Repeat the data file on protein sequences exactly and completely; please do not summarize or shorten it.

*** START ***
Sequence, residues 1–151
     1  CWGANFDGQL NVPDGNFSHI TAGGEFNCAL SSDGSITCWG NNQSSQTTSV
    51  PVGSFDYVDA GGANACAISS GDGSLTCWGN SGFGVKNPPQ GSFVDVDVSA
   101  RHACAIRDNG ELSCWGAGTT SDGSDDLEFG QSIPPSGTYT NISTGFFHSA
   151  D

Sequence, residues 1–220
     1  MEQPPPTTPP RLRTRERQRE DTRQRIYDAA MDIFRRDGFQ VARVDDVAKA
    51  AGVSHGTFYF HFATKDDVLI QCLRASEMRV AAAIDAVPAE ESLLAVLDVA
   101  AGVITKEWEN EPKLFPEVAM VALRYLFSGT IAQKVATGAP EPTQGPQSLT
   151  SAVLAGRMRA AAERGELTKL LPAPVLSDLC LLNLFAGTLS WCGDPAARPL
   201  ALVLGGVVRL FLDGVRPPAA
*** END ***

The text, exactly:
Sequence, residues 1–151
     1  CWGANFDGQL NVPDGNFSHI TAGGEFNCAL SSDGSITCWG NNQSSQTTSV
    51  PVGSFDYVDA GGANACAISS GDGSLTCWGN SGFGVKNPPQ GSFVDVDVSA
   101  RHACAIRDNG ELSCWGAGTT SDGSDDLEFG QSIPPSGTYT NISTGFFHSA
   151  D

Sequence, residues 1–220
     1  MEQPPPTTPP RLRTRERQRE DTRQRIYDAA MDIFRRDGFQ VARVDDVAKA
    51  AGVSHGTFYF HFATKDDVLI QCLRASEMRV AAAIDAVPAE ESLLAVLDVA
   101  AGVITKEWEN EPKLFPEVAM VALRYLFSGT IAQKVATGAP EPTQGPQSLT
   151  SAVLAGRMRA AAERGELTKL LPAPVLSDLC LLNLFAGTLS WCGDPAARPL
   201  ALVLGGVVRL FLDGVRPPAA